Many of my students find reading on the SAT to be much harder than reading in their English. They tell me, “ Katya, I don’t get it. It’s the same reading. Why am I doing so well in my English class and get so many questions wrong on the SAT reading?

My usual answer is this:

The reading that you do in your English class is DIFFERENT from the SAT reading.

There are TWO main distinctions between them.

Let’s first discuss the English class reading.

First, as a rule, anything you read with your class you can interpret it however you want. As long as you are not DIRECTLY contradicting the text, your analysis will be deemed as valid. If your interpretation is slightly different from your neighbor’s, it’s not going to be marked as wrong. In fact, it’s labeled as a different point of view or personal inference.

Second, your teachers want to engage you in the reading in any way they can. Therefore, you will always get rewarded (get extra points) for your interpretations and class participation while students who refrain from participating get punished (don’t get extra points).

Because of this educational set up, you get accustomed to freely reflecting on the text you’ve read thinking that any interpretation is appropriate. However, you can’t apply the same strategies on the SAT with impunity (vocabulary word that means without punishment).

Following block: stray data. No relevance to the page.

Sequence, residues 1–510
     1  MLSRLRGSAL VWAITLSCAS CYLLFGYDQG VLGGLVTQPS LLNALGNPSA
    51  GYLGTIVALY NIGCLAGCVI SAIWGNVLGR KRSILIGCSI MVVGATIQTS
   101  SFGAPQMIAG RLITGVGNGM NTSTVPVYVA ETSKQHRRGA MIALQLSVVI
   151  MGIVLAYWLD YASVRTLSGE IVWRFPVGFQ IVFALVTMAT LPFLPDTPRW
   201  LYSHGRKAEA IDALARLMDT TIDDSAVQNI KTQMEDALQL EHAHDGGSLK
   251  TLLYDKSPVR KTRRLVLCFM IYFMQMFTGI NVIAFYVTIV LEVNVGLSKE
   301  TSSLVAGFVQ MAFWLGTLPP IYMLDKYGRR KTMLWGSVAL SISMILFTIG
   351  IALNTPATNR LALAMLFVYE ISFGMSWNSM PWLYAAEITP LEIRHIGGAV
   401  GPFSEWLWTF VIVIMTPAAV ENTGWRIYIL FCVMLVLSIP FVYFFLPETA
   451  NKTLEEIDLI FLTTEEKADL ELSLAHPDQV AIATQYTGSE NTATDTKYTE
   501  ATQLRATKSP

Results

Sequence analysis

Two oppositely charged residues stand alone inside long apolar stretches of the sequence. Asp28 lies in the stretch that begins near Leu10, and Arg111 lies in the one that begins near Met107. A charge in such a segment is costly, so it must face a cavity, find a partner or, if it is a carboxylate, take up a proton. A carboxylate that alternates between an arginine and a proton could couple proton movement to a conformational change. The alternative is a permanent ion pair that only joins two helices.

Let’s now discuss the SAT reading.

Since it’s a multiple-choice test with only one correct answer, there can NOT be any room for interpretation. NONE!

Think about it: why would the SAT reward a student with one random interpretation over the other student with a different (just as random) interpretation of the text? Remember, the SAT must provide colleges with accurate information about your intellectual ability, and if they fail, colleges will stop using them which will be the end of their multi-million dollar business.

For these reasons, the SAT does not reward interpretation. The SAT only rewards students who answer questions based on the text and not their analysis.


The bottom line is this

STOP analyzing texts and start looking for clear clues in the passage to get a higher score.